I left Lusaka before Grade One so, so far, it hasn’t come up yet but I don’t say it will never come up. After all, one of my very first reviews for The Madams was in the Zambian Post. I think it started ‘Zambian-born writer Zukiswa Wanner…’ which made me grin immensely.
Writing prizes, like the Commonwealth. Do they make or break a writer? Can a writer do without them and still feel affirmed?
Writing prizes work either way. I have known writers who have won prestigious prizes then found it difficult to work on the next ones because they wondered whether they would be able to match the award-winning book but I have also known writers who are inspired to do even better with the next work … to push boundaries.  But yes, I do believe that a writer can do without prizes and still feel affirmed. Readers, more than prizes, can affirm or break writers. That’s why I try not to self-Google (I do not always succeed).
Men of the South, to mention but this one book in particular. What would you like readers to take away from reading the book?
I never dictate to readers what they should take away from my work.
What are your favourite books about Africa, or written by an African author?
Yho… there’s plenty.
Mgqolozana’s Hear Me Alone; Nwaubani’s I Do Not Come to You By Chance; Harvest of Thorns by Chinodya; Almost everything that Nuruddin Farah has written; Shoneyin’s The Secret Lives of Baba Segi’s Wives; Changes by Aidoo; Makholwa’s The 30th Candle; Zoo City by Beukes; almost everything by Forna and Mabanckou; Omotoso’s Bom Boy; Werewere Liking’s The Amputated Memory; almost everything by Mda; Waiting for the Wild Beasts to Vote by Kouroma and Duker’s hilarious White Wahala;  Kurt Ellis’ By Any Means. I could go on and on. I discover new books about and by African authors almost every week. My greatest regret is that there are not enough translations of works by writers from Lusophone and Francophone African countries that I have access to.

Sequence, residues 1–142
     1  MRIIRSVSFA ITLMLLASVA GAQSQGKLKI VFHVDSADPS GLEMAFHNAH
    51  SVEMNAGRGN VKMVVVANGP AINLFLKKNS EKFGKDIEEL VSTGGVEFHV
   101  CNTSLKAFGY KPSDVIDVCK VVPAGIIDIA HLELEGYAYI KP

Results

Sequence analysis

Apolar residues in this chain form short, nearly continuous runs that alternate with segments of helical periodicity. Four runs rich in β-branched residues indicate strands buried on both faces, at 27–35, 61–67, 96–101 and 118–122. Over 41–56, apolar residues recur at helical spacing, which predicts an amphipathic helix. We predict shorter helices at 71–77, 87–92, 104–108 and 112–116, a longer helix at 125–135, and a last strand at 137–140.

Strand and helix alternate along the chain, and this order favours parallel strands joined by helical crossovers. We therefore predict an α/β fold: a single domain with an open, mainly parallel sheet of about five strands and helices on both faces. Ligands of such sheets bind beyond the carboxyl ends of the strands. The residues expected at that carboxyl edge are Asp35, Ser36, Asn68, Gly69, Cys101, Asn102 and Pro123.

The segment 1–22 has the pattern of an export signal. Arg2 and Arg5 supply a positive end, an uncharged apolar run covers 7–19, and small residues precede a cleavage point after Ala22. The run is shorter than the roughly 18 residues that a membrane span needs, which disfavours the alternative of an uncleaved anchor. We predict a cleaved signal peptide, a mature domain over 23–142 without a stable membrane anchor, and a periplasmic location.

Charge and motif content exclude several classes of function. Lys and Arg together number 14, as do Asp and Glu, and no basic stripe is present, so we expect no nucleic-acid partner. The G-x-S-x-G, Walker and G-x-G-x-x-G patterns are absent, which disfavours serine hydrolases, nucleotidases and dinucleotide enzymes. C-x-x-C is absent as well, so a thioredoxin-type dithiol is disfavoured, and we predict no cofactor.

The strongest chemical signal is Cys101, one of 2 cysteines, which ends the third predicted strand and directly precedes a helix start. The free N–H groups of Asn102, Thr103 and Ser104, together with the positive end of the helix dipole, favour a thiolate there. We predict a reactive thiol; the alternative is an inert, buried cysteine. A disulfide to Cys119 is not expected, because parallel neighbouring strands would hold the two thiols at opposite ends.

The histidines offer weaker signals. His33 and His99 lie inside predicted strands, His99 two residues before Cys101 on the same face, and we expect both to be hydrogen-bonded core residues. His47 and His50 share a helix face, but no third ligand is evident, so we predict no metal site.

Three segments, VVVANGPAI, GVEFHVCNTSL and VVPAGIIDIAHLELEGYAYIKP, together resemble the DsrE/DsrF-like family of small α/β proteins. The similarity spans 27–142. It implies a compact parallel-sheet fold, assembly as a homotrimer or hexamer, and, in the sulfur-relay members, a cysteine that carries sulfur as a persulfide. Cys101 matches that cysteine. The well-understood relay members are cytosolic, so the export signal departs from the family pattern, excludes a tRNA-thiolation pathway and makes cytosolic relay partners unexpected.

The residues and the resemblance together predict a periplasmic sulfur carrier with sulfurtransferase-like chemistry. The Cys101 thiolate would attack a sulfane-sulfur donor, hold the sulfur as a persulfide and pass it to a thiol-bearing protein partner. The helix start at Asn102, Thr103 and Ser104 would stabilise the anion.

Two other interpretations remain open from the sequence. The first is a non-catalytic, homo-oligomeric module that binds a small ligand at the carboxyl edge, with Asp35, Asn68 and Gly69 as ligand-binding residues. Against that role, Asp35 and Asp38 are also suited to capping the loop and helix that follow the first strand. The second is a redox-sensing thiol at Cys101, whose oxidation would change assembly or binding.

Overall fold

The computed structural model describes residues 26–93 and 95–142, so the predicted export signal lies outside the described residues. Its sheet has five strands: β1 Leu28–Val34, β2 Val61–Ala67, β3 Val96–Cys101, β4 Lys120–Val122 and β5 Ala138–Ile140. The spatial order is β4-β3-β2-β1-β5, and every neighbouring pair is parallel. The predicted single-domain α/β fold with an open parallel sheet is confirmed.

What advice would you give to budding writers out there?
You are always on internship as a writer. That internship is reading. And when you take a break from the reading, write. Writers write.
What is the one book you wish you could have written, given its acclaim and literary worth?
Just one? … Never... I suffer from ink envy. I wish I had written all the good books I have read.